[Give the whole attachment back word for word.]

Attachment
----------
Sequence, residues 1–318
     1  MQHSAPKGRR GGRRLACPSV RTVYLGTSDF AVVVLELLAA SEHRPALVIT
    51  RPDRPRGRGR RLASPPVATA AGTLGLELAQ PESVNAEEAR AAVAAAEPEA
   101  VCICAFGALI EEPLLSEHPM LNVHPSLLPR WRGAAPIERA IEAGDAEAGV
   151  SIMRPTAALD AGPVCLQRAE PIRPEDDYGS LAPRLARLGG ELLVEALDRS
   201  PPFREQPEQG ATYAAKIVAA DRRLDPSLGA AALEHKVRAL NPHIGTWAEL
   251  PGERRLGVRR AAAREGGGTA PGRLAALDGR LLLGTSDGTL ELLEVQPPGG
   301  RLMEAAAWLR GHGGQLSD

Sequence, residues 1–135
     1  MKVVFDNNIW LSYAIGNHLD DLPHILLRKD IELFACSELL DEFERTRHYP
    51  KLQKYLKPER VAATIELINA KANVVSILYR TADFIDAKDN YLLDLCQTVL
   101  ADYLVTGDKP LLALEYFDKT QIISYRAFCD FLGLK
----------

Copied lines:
Sequence, residues 1–318
     1  MQHSAPKGRR GGRRLACPSV RTVYLGTSDF AVVVLELLAA SEHRPALVIT
    51  RPDRPRGRGR RLASPPVATA AGTLGLELAQ PESVNAEEAR AAVAAAEPEA
   101  VCICAFGALI EEPLLSEHPM LNVHPSLLPR WRGAAPIERA IEAGDAEAGV
   151  SIMRPTAALD AGPVCLQRAE PIRPEDDYGS LAPRLARLGG ELLVEALDRS
   201  PPFREQPEQG ATYAAKIVAA DRRLDPSLGA AALEHKVRAL NPHIGTWAEL
   251  PGERRLGVRR AAAREGGGTA PGRLAALDGR LLLGTSDGTL ELLEVQPPGG
   301  RLMEAAAWLR GHGGQLSD

Sequence, residues 1–135
     1  MKVVFDNNIW LSYAIGNHLD DLPHILLRKD IELFACSELL DEFERTRHYP
    51  KLQKYLKPER VAATIELINA KANVVSILYR TADFIDAKDN YLLDLCQTVL
   101  ADYLVTGDKP LLALEYFDKT QIISYRAFCD FLGLK